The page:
Leading up to the election, AMSA has thrown its support behind the Doctors for Rural Communities plan, an evidence-based proposal that would see an immediate injection of doctors into rural communities. Under the plan, a $46 million investment by the Government would allow 306 doctors to undertake an annual year of training, or 61 doctors to undertake five years of their training, in rural, regional and remote Australia.
Just $32.5 million would be enough to fund 216 doctors to complete a year of specialty training in rural communities.
The Australian Medical Association (AMA) and the Rural Doctors Association of Australia (RDAA) have both joined in calls for the major political parties to commit to evidence-based and effective initiatives to improve health services for people in rural and remote Australia, including Doctors for Rural Communities.
Doctors for Rural Communities is also supported by respected rural doctors, Dr Darryl Mackender, at Orange Base Hospital and Dr John Preddy, a Head of Department at Wagga Wagga Rural Referral Hospital, who have already put forward their support for the above proposal.
“Representative stakeholders for rural health and healthcare in Australia stand united on the need for expanding our rural training workforce, as opposed to funding new medical schools,” said Ms Buisson.
“We cannot hesitate to act on rural health any longer. Not only is the potential for economic wastage immense, but the people of rural Australia deserve increased access to much needed medical staff, including more general practitioners and specialists.”
“We welcome the attention and investment being given to medical training and research, but investment in vocational training will deliver much greater benefits for rural Australians than more medical schools.”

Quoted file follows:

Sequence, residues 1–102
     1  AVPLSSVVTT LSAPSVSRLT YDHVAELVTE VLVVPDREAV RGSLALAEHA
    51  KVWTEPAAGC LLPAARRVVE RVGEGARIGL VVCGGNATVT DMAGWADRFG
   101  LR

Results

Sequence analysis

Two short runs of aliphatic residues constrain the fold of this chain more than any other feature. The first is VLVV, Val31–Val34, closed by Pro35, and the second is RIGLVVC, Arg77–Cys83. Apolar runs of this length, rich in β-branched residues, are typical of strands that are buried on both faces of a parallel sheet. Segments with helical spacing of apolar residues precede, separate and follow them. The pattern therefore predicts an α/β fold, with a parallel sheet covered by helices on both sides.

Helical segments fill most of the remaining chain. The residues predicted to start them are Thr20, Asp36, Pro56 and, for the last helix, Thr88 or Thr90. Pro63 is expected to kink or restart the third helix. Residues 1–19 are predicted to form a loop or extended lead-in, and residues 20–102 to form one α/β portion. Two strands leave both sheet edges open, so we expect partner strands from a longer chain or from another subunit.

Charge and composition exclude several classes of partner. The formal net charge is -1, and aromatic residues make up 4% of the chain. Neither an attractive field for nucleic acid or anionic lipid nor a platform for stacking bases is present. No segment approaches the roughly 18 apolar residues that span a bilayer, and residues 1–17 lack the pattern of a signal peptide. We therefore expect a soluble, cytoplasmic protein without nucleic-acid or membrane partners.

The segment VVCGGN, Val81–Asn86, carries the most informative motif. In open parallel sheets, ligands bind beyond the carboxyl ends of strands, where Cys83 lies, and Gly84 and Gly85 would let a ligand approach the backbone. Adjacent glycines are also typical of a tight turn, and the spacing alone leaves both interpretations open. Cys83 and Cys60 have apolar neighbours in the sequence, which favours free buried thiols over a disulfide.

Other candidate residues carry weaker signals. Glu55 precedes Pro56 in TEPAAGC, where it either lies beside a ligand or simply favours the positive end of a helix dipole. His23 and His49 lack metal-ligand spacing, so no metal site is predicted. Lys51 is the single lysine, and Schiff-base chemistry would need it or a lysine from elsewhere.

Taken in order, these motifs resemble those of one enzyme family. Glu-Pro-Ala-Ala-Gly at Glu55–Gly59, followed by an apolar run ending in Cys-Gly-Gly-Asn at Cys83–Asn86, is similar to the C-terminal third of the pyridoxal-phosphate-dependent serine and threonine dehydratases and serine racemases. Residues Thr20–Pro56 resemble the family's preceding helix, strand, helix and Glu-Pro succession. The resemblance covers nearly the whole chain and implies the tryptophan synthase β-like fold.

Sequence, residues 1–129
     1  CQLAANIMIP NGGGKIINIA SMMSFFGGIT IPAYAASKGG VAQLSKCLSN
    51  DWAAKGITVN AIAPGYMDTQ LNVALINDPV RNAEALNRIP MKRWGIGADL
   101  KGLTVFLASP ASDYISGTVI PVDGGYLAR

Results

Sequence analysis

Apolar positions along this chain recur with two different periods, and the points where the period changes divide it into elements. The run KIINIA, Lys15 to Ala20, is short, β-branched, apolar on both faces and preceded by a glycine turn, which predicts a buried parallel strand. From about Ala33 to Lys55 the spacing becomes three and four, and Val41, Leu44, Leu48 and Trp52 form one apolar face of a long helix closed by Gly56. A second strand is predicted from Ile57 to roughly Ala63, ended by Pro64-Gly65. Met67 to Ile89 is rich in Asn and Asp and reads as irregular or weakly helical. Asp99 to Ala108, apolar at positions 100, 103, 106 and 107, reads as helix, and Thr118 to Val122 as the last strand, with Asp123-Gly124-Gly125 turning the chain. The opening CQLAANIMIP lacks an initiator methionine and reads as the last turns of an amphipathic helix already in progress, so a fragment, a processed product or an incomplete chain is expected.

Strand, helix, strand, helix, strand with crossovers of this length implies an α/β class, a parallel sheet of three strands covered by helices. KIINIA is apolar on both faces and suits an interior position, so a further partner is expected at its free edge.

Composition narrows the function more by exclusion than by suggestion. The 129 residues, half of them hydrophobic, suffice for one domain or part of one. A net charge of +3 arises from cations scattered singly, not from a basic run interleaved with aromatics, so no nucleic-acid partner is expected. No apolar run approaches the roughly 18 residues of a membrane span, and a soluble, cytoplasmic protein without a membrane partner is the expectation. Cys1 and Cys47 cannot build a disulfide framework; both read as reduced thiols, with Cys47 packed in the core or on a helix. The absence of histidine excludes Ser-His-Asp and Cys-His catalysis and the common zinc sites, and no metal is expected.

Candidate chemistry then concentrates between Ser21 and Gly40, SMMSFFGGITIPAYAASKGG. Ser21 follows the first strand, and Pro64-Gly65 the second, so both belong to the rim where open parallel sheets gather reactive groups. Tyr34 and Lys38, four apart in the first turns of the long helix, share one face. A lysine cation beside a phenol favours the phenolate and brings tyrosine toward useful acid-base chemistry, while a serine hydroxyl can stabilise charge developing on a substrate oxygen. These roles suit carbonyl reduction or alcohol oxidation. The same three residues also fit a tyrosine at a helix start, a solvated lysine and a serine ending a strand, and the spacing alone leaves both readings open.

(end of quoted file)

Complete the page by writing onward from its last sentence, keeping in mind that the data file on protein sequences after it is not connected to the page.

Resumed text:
To find out more and to pledge your support, visit www.dfrc.org.au.
‘I exist because you exist, I matter because you matter, I am because we are.’
Mduduzi*, Mbali* and their four children are a family living in the mountainous region of Mambane. Mduduzi, like 27.4% of the Swaziland population is HIV positive (WFP, 2016) but he is also troubled by recurring bouts of multi drug resistant tuberculosis (MDRTB). Nowadays, Mdudzi can no longer act as the primary breadwinner, placing responsibility on the income made by his wife’s fatty cakes which she sells locally (and the reason she is not pictured here). Despite her determination, Mbali only brings in between 10 and 100 rand a day ($1.00 – $10.00), which is used to purchase maize and chicken feet, a meal consumed three times a day. With the scarcity of water, and their water tank empty, their eldest son Nkosana* walks approximately 2 hours each morning in the sweltering Swazi heat to collect water. We accompanied Nkosana on his walk to assess their water source. An ash-coloured puddle services their community of 600 people. When presented with the reality of life here in Swaziland, it is not difficult to comprehend why 3.4 million people die each year due to water-related disease (WHO, 2009).
To read the insightful piece from Shalini Ponnampalam a Second Year Medical student, click here.
The Australian Medical Students’ Association (AMSA) is urging the Federal Government not to raise fees for medical students, warning that disadvantaged students will be left behind.
From 2018, the Government is proposing a raft of measures, including a possible reduction in base funding for medical Commonwealth Supported Places, and allowing universities to set deregulated fees for ‘flagship degrees of excellence’.
AMSA President, Elise Buisson, today called on the Government to make accessibility to higher education for students from Indigenous, low socioeconomic, and rural backgrounds a top priority.
“Projections from previous attempts to deregulate medical student fees have indicated that medical graduates could incur debts between $129,000 and $203,000. This reflects up to a three-fold increase in student debts,” Ms Buisson said.
“Students from Indigenous, low socioeconomic, and rural backgrounds already face well documented barriers to tertiary education and participation in the medical workforce. Additional financial costs through such heavy debt will only exacerbate these problems.”